Suspects in the disappearance of William Tyrrell will be hauled before a public probe, almost five years after he was most likely snatched from his foster grandmother’s backyard.
The NSW coroner has been hearing evidence to determine what happened to William, who was aged three years and three months when he vanished at Kendall on the state’s mid north coast on September 12, 2014.
William’s biological and foster parents have given evidence in the first week of the inquest, described as the “tip of the iceberg” by senior counsel assisting the coroner Gerard Craddock SC and Deputy State Coroner Harriet Grahame.
Persons of interest will have to front the public inquiry and give evidence in August.
The biological parents, who can’t be identified and are no longer in a relationship, were the final witnesses to give evidence on Thursday.
The father admitted he hid William from authorities for weeks when he was a baby, but denies he played a part in his disappearance.
He said authorities, including the Department of Family and Community Services, had “f-–ed up”.
“It was the minister’s duty of care to keep him safe until he was 18 and that was not the case at all. FACS was about keeping kids safe.”
Both parents conceded they “absconded” with William for five to six weeks in early 2012 after a children’s court ordered he be placed in foster care.
“I couldn’t bring myself to give them my son,” the mother told the NSW Coroners Court.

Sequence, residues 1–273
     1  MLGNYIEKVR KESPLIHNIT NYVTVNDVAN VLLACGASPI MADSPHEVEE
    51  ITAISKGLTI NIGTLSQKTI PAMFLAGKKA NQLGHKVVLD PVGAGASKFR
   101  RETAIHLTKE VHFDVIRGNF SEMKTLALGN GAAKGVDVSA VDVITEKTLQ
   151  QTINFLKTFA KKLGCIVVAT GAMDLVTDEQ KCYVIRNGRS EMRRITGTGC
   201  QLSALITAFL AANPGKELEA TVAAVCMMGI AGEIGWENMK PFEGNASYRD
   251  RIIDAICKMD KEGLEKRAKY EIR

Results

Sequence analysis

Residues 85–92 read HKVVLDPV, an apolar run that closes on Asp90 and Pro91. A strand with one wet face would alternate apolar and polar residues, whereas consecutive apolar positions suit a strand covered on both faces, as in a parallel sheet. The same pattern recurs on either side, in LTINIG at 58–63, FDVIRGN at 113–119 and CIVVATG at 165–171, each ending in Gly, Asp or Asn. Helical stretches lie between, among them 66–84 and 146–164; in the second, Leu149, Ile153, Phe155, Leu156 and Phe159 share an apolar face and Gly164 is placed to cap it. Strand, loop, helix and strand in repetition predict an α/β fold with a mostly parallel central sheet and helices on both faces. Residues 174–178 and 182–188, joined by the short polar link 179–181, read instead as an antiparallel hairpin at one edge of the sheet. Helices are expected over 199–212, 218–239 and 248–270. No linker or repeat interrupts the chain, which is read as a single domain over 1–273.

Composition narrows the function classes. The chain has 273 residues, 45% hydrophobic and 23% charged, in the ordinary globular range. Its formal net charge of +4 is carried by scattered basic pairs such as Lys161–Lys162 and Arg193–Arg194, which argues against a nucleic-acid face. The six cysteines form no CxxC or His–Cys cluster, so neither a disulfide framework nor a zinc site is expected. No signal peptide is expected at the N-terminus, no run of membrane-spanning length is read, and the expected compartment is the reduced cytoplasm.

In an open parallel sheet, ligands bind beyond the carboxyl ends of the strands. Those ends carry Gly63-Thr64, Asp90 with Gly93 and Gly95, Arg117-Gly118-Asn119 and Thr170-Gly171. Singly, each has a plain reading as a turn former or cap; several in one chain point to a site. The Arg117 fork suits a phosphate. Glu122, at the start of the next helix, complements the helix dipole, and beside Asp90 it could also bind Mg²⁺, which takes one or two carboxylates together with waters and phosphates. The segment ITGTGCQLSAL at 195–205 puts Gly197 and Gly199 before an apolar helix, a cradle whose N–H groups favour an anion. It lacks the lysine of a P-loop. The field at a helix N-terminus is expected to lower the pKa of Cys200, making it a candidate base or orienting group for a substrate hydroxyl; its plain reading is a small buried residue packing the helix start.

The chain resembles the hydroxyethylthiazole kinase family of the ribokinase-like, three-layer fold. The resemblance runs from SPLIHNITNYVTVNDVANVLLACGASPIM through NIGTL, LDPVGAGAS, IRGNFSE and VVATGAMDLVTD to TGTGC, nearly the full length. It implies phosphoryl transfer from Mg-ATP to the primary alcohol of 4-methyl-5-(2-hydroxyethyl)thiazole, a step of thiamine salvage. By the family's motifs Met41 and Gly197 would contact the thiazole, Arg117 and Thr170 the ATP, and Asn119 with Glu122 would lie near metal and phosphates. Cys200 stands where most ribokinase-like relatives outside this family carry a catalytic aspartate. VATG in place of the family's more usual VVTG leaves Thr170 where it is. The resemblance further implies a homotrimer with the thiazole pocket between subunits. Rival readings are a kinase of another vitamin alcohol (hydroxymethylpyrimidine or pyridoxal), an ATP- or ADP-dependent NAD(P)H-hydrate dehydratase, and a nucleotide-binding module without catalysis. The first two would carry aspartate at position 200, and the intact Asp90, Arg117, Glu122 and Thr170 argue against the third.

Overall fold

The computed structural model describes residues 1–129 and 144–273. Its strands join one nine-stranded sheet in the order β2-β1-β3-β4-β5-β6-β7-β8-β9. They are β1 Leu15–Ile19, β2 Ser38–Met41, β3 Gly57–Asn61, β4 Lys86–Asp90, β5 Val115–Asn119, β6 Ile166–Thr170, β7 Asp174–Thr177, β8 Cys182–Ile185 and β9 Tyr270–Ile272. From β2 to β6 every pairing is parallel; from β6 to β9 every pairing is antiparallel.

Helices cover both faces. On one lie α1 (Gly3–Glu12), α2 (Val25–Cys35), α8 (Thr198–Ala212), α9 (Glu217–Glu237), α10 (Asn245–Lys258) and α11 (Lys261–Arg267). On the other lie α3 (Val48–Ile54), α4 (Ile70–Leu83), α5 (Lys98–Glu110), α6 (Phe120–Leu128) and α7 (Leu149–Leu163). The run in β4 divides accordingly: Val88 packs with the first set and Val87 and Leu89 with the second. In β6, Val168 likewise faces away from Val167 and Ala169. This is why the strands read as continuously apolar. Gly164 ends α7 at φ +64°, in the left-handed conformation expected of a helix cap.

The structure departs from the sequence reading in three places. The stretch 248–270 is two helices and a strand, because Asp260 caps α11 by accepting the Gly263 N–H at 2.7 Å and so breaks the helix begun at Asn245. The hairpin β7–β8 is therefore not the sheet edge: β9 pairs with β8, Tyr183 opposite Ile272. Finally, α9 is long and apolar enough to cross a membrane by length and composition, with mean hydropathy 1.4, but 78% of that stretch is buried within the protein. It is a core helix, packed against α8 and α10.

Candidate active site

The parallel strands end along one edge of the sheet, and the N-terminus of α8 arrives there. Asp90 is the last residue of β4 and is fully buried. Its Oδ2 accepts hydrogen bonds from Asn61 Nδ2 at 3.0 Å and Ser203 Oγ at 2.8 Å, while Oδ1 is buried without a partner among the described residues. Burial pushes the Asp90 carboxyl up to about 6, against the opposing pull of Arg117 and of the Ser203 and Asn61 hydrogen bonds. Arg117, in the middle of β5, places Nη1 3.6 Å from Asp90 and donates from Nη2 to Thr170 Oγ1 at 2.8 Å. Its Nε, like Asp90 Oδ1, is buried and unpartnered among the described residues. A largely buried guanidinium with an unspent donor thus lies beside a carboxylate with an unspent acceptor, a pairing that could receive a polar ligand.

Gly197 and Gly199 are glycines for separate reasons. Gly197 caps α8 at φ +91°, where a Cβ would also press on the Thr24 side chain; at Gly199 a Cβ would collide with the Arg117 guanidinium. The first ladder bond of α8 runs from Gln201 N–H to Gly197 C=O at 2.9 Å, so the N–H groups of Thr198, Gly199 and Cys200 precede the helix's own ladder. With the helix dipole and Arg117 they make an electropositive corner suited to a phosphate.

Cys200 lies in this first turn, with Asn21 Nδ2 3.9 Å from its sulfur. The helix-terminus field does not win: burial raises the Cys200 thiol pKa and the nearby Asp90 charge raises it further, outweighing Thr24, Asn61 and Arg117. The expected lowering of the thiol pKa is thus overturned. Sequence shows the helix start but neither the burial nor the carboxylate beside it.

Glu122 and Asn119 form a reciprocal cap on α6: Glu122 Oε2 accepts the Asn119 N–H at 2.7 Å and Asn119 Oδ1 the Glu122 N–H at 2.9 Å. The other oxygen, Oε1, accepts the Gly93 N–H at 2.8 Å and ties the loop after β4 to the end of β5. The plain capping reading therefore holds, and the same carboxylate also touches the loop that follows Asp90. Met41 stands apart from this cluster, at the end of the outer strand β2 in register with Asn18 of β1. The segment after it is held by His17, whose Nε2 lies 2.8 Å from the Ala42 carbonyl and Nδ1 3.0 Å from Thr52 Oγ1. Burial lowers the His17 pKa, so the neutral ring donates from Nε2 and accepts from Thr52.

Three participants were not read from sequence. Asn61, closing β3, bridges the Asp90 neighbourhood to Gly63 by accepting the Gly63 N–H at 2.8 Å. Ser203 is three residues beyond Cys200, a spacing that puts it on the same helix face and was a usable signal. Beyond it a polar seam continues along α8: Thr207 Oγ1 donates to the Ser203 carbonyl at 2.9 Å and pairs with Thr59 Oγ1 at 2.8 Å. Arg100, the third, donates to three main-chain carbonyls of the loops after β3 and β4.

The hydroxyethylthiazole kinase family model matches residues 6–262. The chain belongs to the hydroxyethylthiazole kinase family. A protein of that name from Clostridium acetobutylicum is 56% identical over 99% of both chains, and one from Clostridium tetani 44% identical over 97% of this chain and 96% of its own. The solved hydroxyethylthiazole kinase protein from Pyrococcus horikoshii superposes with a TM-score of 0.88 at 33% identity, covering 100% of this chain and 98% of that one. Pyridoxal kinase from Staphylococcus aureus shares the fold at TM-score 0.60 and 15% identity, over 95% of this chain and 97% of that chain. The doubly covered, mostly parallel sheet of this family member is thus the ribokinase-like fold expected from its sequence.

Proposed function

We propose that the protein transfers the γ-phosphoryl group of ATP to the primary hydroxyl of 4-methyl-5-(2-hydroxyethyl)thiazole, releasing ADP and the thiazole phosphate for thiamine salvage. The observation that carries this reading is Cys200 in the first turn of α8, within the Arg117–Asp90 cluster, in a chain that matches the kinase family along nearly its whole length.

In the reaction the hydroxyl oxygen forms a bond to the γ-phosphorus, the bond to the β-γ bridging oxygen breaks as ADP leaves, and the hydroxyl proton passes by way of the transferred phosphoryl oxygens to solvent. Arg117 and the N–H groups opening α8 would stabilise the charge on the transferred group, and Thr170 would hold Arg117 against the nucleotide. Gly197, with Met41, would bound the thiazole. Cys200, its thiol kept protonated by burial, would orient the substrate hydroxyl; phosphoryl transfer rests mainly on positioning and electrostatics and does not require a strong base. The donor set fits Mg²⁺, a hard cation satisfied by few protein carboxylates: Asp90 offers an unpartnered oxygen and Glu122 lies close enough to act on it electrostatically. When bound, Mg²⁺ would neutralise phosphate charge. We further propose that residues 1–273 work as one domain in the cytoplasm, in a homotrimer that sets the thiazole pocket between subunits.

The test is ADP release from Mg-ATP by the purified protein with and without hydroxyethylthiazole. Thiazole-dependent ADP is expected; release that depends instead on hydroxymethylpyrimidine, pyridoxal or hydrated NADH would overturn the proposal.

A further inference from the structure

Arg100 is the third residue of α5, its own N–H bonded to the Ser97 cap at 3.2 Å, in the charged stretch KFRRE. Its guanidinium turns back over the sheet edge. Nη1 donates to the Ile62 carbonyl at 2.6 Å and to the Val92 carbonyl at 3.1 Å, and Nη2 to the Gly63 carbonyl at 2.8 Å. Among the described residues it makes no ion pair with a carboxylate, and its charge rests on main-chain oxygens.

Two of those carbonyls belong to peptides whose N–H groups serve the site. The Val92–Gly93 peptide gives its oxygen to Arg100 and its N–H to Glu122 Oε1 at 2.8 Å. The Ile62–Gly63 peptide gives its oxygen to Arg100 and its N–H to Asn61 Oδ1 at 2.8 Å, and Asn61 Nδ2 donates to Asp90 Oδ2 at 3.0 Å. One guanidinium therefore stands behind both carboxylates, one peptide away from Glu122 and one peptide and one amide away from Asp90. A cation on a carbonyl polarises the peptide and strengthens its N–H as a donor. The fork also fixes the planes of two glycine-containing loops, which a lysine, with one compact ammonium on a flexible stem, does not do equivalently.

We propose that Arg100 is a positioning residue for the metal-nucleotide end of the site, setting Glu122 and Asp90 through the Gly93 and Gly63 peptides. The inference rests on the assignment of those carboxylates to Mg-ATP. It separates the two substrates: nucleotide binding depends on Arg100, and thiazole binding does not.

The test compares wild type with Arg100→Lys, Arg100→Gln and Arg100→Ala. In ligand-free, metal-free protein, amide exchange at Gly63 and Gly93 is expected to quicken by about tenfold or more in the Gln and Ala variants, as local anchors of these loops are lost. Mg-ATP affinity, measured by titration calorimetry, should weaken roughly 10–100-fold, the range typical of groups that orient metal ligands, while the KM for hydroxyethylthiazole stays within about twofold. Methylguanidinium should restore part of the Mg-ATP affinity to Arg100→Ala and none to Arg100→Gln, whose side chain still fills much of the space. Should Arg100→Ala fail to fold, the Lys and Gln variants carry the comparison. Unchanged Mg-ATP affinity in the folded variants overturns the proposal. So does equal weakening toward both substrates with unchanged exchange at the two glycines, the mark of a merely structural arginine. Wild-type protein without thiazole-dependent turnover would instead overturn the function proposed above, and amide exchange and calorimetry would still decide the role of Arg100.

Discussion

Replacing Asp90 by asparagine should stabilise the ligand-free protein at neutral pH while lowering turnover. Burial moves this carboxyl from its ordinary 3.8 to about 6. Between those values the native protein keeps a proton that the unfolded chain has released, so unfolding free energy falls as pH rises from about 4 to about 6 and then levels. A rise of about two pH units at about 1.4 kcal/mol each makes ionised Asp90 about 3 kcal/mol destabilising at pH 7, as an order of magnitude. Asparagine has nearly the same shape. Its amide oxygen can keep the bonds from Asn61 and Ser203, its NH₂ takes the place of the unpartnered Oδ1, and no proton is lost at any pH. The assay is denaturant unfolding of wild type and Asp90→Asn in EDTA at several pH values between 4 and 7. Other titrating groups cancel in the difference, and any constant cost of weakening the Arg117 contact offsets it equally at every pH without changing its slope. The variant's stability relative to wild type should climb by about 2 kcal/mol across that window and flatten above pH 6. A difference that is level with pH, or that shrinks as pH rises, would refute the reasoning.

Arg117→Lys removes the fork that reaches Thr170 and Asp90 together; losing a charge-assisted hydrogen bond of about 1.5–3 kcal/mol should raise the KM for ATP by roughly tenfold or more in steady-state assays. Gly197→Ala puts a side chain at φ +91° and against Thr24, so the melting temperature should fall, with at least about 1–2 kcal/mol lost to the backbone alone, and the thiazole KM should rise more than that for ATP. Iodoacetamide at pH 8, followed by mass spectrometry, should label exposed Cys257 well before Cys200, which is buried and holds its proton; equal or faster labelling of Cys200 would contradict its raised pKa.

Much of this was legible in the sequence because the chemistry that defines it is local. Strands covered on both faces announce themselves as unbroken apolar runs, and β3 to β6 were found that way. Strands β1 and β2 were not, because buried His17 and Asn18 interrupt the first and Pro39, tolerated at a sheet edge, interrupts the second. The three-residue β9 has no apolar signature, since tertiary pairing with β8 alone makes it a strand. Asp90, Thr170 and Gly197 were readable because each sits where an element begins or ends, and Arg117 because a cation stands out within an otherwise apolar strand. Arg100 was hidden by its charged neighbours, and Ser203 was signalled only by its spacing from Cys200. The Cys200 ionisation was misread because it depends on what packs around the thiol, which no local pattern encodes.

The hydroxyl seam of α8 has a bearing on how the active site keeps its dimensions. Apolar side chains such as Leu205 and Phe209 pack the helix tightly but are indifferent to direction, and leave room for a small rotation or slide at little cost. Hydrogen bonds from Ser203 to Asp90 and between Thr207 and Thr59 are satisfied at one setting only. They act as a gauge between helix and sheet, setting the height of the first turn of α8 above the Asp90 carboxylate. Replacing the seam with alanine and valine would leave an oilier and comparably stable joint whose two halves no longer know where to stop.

The father said he was upset, annoyed and angry.
“I was the No.1 person not letting him go. The No.1 person putting that [idea] forward,” he said.
The mother said she first found out William was missing hours later when police knocked on their door in Sydney.
“They didn’t tell me anything. They asked me if William was there. They looked around, they thought [my other] son was William – he wasn’t. They asked what I’d done … and left.”
The mother told the court she was aware of adoption plans before William disappeared but not in any detail and “didn’t agree” with them.
“We were still trying to get the children back. We were at court,” she said.
William’s foster father, who gave evidence on Wednesday, said he was in Kendall and had driven to nearby Lakewood about 9am to find a strong internet connection for a conference call.
He sent a text to his wife about 10.30am saying he’d be home in the next five minutes, when he returned home and his wife asked: “Is William with you?”
“Why would he be with me?” he replied.
The foster mother called police at 10.56am to report the boy missing, estimating he’d been gone since 10.30am.
Mr Craddock on Wednesday asked why the foster father didn’t stop and talk to his wife about where she’d searched before he sprung into action.
“I had assumed in the time that I got home, if she couldn’t find him, that she’d already actually done the immediate area, including inside and outside the house,” the man said.
He looked under houses, external fences, pits, drains and sheds.
“Everything, everywhere he might have gone,” he said.
The foster father joined the extensive police and State Emergency Service search for four days after William’s disappearance on the Friday morning.
Come nightfall, he began to worry about food and shelter for William, “if he was lost”.
When asked by Mr Craddock if he believed William would be found over the weekend, the foster father replied: “I had hope. I had hope.”
William’s foster mother has previously testified her immediate thought when the boy fell silent while playing around the home was that he’d been snatched.
Mr Craddock said the police investigation continues.
A directions hearing will be held on April 24 before four weeks of hearings in August, when the persons of interest will be called to give evidence.